• Flora of China. 2006. 109. TRITICUM Linnaeus, Sp. Pl. 1: 85. 1753.Flora of China22: 442–444. Accessed 12 July 2012 online: http://flora.huh.harvard.edu/china/PDF/PDF22/Triticum.pdf.
  • Hedrick, U.P., ed. 1919. Sturtevant’s Notes on Edible Plants. State of New York. Dept of Agriculture. 27th annual report, vol. 2, part II. Albany, NY: J.B. Lyon Co. pp. 577–580.
  • USDA. 2012. Crop Production 2011 Summary. U.S. Department of Agriculture, National Agricultural Statistics Service. Accessed 12 July 2012 from http://usda01.library.cornell.edu/usda/current/CropProdSu/CropProdSu-01-12-2012.pdf.
  • van Wyk, B.-E. 2005. “Triticum aestivum” and “Triticum durum.” Food Plants of the World: An Illustrated Guide. Portland, OR: Timber Press. p. 368–369.
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Bread Wheat (Triticum aestivum) accounts for around 95% of the wheat grown in the world, with most of the remainder being Durum Wheat (T. durum) (Peng et al. 2011). Bread Wheat has both awned (i.e., with projecting glumes) and awnless forms. There are spring wheats (sown in spring and harvested in late summer) and winter wheats (sown in autumn and harvested in early summer). Grain color varies from yellow to red brown, but cultivars are usually described as white or red. They may also be classified as hard (vitreous endosperm) or soft (mealy endosperm). These characteristics are relevant to the milling process: milled particles from hard wheat flow freely through a sieve to produce a very clean flour; flour from soft wheat clumps together like fine powder and is difficult to sieve. Wheat flours are said to be strong (i.e., with relatively high protein content, which results in more elastic bread dough) or weak. Hard wheats are used to make bread; soft wheats are used for cakes, cookies, biscuits, and pastries.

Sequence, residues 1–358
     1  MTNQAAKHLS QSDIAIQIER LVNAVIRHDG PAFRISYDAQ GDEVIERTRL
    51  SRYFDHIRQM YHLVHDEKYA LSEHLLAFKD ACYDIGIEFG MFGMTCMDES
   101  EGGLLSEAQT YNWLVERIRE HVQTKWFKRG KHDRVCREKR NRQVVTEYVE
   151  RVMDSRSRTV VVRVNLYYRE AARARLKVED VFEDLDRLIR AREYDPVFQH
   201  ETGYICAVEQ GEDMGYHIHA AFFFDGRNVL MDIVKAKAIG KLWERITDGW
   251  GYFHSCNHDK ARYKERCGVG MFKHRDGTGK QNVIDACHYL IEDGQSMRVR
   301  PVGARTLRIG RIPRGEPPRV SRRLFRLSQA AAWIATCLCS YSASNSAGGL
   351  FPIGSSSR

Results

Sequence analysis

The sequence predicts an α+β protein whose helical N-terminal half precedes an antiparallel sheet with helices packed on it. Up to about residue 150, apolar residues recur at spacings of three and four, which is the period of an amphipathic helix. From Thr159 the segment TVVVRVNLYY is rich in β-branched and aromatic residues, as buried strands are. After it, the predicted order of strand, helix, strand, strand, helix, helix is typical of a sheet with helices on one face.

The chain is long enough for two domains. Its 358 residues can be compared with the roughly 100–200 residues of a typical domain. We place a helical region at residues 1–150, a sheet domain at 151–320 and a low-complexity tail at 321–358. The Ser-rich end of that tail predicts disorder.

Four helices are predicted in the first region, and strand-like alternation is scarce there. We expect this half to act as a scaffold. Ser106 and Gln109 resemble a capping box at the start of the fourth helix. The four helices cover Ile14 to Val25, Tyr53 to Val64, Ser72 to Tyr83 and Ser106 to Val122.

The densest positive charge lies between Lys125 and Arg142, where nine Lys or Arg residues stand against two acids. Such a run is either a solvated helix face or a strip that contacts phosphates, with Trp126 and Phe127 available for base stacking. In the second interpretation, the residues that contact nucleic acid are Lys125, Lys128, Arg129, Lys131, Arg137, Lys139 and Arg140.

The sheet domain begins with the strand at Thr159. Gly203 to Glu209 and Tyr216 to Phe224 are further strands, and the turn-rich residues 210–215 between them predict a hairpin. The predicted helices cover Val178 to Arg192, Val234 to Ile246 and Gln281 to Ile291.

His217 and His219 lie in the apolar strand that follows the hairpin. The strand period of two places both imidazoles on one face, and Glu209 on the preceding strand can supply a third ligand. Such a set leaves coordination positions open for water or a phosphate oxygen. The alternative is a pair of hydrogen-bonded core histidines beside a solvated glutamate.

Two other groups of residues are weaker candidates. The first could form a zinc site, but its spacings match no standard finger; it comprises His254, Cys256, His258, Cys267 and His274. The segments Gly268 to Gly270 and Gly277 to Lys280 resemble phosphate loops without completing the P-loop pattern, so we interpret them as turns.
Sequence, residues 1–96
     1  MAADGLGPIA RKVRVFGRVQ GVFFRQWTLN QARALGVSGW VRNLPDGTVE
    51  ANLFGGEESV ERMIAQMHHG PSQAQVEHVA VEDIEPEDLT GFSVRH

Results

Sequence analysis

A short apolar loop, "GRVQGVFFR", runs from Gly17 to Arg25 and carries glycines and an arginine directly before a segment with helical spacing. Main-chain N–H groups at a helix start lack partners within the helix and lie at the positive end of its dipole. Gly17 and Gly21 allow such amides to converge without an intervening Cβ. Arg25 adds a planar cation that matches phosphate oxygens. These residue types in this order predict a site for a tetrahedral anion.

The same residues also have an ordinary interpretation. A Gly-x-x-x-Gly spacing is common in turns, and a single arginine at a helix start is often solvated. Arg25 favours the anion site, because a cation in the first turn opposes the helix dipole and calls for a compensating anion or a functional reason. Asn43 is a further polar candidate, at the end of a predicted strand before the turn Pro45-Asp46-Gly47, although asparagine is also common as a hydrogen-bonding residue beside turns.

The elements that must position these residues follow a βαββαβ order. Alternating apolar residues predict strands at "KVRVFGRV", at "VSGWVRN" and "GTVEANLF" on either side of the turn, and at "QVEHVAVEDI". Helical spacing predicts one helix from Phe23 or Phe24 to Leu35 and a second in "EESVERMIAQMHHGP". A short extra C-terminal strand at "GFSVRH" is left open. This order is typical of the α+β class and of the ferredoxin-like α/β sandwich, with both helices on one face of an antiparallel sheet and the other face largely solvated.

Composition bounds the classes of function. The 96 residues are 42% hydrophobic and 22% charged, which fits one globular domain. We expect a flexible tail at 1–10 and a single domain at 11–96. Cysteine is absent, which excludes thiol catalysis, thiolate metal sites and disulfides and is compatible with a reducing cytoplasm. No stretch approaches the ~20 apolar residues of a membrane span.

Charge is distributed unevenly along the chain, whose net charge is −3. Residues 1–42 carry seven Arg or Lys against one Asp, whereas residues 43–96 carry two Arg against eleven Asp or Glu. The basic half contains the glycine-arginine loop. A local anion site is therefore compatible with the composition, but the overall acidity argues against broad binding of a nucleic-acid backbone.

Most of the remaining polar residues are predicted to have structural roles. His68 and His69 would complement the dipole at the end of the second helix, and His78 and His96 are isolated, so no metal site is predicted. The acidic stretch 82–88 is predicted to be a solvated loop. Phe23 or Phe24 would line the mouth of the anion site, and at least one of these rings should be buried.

To make leavened or porous bread, the basic ingredients are flour, water, yeast, and salt. These are mixed together to produce a dough which rises (because of yeast fermentation) and is then baked. Among the cereal grains, Bread Wheat is outstanding in its ability to produce leavened bread (other cereals, such as Rye and Durum Wheat, produce poorly leavened bread). This extraordinary ability depends on the wheat protein complex known as "gluten", which is elastic, expands during fermentation, and retains the released carbon dioxide to yield a porous bread. Without yeast, wheat flour produces a flat bread (e.g., the chapatis of the Indian subcontinent or matzah). The extraction of starch and gluten from the wheat grain or flour are well known industrial processes. Gluten may be added to bread to increase its protein content.

Some people suffer from coeliac disease, which results from a low tolerance for gluten (and therefore for wheat, Rye, Barley, and triticale).